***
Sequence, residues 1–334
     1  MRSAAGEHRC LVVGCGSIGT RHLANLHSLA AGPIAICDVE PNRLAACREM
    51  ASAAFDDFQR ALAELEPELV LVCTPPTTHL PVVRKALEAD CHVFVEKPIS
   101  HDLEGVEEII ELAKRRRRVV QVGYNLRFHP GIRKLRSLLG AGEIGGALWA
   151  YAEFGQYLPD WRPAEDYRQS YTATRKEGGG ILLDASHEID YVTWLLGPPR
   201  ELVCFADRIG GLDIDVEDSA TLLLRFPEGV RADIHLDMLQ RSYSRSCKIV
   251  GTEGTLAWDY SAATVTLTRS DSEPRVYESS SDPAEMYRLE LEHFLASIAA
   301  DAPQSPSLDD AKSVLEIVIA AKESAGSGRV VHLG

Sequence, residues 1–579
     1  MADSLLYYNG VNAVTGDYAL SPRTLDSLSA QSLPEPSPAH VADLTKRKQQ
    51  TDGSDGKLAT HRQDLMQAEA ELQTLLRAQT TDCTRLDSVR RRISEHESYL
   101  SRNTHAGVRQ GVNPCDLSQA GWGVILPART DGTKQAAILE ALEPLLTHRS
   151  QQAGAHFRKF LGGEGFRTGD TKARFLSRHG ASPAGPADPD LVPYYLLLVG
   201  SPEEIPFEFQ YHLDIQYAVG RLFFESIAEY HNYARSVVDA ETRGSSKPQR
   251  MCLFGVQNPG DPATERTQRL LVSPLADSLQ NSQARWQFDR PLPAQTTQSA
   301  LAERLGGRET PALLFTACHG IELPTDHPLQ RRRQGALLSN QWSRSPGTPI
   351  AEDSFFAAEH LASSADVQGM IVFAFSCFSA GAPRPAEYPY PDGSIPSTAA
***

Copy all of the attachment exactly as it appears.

Sequence, residues 1–334
     1  MRSAAGEHRC LVVGCGSIGT RHLANLHSLA AGPIAICDVE PNRLAACREM
    51  ASAAFDDFQR ALAELEPELV LVCTPPTTHL PVVRKALEAD CHVFVEKPIS
   101  HDLEGVEEII ELAKRRRRVV QVGYNLRFHP GIRKLRSLLG AGEIGGALWA
   151  YAEFGQYLPD WRPAEDYRQS YTATRKEGGG ILLDASHEID YVTWLLGPPR
   201  ELVCFADRIG GLDIDVEDSA TLLLRFPEGV RADIHLDMLQ RSYSRSCKIV
   251  GTEGTLAWDY SAATVTLTRS DSEPRVYESS SDPAEMYRLE LEHFLASIAA
   301  DAPQSPSLDD AKSVLEIVIA AKESAGSGRV VHLG

Sequence, residues 1–579
     1  MADSLLYYNG VNAVTGDYAL SPRTLDSLSA QSLPEPSPAH VADLTKRKQQ
    51  TDGSDGKLAT HRQDLMQAEA ELQTLLRAQT TDCTRLDSVR RRISEHESYL
   101  SRNTHAGVRQ GVNPCDLSQA GWGVILPART DGTKQAAILE ALEPLLTHRS
   151  QQAGAHFRKF LGGEGFRTGD TKARFLSRHG ASPAGPADPD LVPYYLLLVG
   201  SPEEIPFEFQ YHLDIQYAVG RLFFESIAEY HNYARSVVDA ETRGSSKPQR
   251  MCLFGVQNPG DPATERTQRL LVSPLADSLQ NSQARWQFDR PLPAQTTQSA
   301  LAERLGGRET PALLFTACHG IELPTDHPLQ RRRQGALLSN QWSRSPGTPI
   351  AEDSFFAAEH LASSADVQGM IVFAFSCFSA GAPRPAEYPY PDGSIPSTAA